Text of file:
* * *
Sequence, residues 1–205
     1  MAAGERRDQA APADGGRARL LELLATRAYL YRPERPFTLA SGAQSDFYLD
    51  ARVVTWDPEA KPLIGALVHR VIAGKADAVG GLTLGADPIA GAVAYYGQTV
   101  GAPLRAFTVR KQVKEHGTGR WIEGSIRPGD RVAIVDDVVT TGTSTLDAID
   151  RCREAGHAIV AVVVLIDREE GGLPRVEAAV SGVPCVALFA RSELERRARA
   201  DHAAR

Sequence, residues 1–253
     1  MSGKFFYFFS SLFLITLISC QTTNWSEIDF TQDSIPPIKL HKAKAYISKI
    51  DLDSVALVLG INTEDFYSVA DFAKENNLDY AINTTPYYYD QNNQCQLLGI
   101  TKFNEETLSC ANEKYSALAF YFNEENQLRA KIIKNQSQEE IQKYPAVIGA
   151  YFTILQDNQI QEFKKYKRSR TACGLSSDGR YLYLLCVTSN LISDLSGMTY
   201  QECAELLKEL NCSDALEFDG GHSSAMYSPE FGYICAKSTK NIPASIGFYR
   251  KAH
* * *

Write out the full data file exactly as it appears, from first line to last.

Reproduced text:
Sequence, residues 1–205
     1  MAAGERRDQA APADGGRARL LELLATRAYL YRPERPFTLA SGAQSDFYLD
    51  ARVVTWDPEA KPLIGALVHR VIAGKADAVG GLTLGADPIA GAVAYYGQTV
   101  GAPLRAFTVR KQVKEHGTGR WIEGSIRPGD RVAIVDDVVT TGTSTLDAID
   151  RCREAGHAIV AVVVLIDREE GGLPRVEAAV SGVPCVALFA RSELERRARA
   201  DHAAR

Sequence, residues 1–253
     1  MSGKFFYFFS SLFLITLISC QTTNWSEIDF TQDSIPPIKL HKAKAYISKI
    51  DLDSVALVLG INTEDFYSVA DFAKENNLDY AINTTPYYYD QNNQCQLLGI
   101  TKFNEETLSC ANEKYSALAF YFNEENQLRA KIIKNQSQEE IQKYPAVIGA
   151  YFTILQDNQI QEFKKYKRSR TACGLSSDGR YLYLLCVTSN LISDLSGMTY
   201  QECAELLKEL NCSDALEFDG GHSSAMYSPE FGYICAKSTK NIPASIGFYR
   251  KAH